Tasting: Benriach 17 Septendecim vs. 21 Authenticus

benriach_17_21Dram data:

Distillery: BenRiach
Bottler: Official bottling
Distilled: n/a
Bottled: 17: 28/03/2013 21: 27.06.2011
Age: 17/21 years
Limitation: unknown
Price at the time of purchasing: – (Miniatures)
Cask: –
Alcohol: 46% each
Unchillfiltered & natural color
Whiskybase link 17
Whiskybase link 21

A head to head tasting with my brother of the two peated Speysiders from the same distillery. 4 years of age difference and bottled 2 years apart – sounds fun!

Tasting notes Benriach 17 Septendecim:

Colour: (dark-ish) straw
Nose: Slight bonfire smoke, vanilla, forest honey, ginger sweeties, freshly mown grass,
Taste: peated honey sweetness, vanilla, toffee, pepper on the tongue
Finish: warm, spicy, pleasant bitterness, some peat and wood in the background after the sweeter notes have dried down, medium long

Tasting notes Benriach 21 Authenticus:
Colour: a smidgen darker than the 17
Nose: Peat fire, orange zest, vanilla, fresh ginger, fruitier blossom honey, less intense grassy notes
Taste: Very rounded and mellow, vanilla sweet pudding dessert, orange juice, liquorice, honey candy, slight peatiness in the background, very well integrated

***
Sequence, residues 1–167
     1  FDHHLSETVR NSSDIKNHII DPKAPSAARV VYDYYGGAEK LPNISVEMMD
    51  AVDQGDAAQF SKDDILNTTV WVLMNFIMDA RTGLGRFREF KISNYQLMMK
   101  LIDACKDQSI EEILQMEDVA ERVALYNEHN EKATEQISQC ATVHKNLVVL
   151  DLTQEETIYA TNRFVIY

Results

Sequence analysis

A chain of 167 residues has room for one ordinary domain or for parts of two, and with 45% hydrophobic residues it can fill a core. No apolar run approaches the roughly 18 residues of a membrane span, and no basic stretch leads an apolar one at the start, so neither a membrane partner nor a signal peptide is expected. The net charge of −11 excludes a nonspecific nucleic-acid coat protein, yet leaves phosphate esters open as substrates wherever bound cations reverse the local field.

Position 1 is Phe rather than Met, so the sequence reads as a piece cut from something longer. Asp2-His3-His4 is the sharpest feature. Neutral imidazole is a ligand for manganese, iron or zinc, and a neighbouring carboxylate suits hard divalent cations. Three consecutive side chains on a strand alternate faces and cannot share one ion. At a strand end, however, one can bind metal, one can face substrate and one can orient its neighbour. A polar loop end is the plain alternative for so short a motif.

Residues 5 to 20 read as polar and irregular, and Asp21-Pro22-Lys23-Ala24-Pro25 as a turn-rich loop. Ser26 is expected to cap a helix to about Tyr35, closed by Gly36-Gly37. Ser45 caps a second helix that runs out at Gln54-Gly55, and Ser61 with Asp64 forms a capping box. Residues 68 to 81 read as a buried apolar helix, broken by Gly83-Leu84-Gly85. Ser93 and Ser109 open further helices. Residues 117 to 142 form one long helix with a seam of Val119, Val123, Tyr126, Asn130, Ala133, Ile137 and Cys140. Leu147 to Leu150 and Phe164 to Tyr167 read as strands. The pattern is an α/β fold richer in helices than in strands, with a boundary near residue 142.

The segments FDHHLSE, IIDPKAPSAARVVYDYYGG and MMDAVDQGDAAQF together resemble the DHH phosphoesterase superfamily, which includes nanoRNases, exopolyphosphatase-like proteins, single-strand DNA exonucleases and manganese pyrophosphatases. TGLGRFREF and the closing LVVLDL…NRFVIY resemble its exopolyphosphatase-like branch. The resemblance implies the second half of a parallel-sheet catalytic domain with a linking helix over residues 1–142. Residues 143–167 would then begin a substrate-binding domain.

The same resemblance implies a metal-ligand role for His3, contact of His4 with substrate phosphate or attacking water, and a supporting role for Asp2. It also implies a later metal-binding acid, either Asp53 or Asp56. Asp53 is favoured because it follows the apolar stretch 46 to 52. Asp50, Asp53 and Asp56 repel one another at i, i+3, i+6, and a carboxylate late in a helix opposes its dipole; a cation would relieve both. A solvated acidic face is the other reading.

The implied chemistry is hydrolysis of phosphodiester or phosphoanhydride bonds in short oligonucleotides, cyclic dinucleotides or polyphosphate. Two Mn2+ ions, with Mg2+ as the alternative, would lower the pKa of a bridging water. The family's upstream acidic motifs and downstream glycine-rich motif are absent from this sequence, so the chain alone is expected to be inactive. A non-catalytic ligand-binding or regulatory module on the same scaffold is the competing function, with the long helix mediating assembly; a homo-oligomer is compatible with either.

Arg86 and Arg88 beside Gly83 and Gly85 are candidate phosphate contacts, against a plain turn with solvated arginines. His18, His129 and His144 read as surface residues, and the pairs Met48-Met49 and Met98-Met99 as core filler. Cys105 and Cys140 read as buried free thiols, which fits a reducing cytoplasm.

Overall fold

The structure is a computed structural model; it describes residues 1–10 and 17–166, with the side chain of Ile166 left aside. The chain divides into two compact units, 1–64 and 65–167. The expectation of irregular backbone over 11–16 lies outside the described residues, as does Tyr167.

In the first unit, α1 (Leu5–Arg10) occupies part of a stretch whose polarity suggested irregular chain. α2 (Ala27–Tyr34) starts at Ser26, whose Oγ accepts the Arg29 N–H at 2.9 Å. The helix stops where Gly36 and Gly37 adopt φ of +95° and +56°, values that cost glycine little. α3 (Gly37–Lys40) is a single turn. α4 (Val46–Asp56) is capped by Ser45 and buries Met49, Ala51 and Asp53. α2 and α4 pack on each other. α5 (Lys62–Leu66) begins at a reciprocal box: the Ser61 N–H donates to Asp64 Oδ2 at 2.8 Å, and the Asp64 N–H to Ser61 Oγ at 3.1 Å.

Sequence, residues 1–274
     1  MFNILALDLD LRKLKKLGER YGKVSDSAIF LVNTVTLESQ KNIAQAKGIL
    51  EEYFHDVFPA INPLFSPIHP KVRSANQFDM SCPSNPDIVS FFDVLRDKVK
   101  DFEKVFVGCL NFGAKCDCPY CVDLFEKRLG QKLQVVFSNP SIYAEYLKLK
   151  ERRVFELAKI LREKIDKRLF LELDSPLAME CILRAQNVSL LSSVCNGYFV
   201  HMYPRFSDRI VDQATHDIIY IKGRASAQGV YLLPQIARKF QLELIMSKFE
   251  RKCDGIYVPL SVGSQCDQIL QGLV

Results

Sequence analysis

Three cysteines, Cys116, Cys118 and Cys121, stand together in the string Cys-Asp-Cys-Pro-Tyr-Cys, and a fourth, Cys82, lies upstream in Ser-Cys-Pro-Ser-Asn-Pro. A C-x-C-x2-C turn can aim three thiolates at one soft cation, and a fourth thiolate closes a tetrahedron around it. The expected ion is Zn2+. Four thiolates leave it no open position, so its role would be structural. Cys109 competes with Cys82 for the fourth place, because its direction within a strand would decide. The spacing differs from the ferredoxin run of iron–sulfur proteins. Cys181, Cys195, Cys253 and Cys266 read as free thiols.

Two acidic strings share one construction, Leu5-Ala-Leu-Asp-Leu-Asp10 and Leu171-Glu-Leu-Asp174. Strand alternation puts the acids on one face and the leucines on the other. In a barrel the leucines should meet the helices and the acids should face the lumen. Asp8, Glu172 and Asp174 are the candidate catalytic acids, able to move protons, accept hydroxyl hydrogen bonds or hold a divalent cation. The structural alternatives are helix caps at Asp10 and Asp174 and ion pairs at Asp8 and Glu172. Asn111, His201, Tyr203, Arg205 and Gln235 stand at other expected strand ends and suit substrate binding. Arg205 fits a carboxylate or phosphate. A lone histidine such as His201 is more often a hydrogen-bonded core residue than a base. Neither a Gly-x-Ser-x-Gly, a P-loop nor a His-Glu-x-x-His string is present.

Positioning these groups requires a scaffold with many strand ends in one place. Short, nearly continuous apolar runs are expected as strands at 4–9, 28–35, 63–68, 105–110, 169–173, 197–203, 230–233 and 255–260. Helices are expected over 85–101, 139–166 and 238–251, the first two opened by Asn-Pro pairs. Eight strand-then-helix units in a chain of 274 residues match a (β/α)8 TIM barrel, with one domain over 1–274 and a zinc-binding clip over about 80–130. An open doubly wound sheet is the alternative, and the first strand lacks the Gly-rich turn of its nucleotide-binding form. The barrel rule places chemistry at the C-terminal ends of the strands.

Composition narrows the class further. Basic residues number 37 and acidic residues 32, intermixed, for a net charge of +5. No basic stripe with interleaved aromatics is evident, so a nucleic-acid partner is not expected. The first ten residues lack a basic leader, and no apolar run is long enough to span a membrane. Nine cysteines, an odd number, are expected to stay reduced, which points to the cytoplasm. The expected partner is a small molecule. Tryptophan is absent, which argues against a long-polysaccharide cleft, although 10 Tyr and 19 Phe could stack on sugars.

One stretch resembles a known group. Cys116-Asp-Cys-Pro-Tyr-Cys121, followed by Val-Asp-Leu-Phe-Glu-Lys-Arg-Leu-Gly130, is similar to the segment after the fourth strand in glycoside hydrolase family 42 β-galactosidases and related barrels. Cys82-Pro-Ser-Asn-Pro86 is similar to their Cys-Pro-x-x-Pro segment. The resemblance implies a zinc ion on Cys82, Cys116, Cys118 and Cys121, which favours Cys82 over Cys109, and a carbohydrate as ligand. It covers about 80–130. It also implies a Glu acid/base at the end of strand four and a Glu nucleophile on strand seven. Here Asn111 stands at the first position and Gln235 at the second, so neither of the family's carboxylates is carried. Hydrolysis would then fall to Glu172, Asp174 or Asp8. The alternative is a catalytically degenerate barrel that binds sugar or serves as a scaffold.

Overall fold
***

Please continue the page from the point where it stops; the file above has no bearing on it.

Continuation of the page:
Finish: Intense and mouth-filling at first, the same sweet, warm, spicy impression as in the 17 year old version, but with a bit more oomph and intensity. Lasts quite a bit longer and shows less cask influence as well as less peat smoke

Verdict:

While both drams exhibit similar characteristics of intense vanilla, honey sweetness and seem to be made up of a rather similar composition of (mostly refill according to the taste) bourbon casks, they are also differences when compared side by side. The 17 year old is a bit younger, more grassy, edgier while the 21 year old has lost more of its smokiness (which always tends to disappear more and more with age) and is more integrated in terms of smell and taste, (even) sweeter and a wee bit more complex in every aspect. Both are nice, sweet, slightly peated drams in their own right and the 17 year old at about 50€ offers serious value for the money. The 21 year old has sadly been discontinued and the new 25 year old offering is nearly triple the price of the 17 or double the price of the 21 (price source: master of malt, April 2014), so if you can still find a bottle of the 21 at a good price – go for it. If not, the 17 isn’t a slouch either. Oh, and if you happen to find both: Try blending them together to get the best of both worlds – the more intense opening of the 17 and the better finish of the 21 😉


Score Benriach 17 Septendecim:
84/100 (Score from my brother Johannes: 85)
Score Benriach 21 Authenticus: 87/100 (Score from my brother Johannes: 88)

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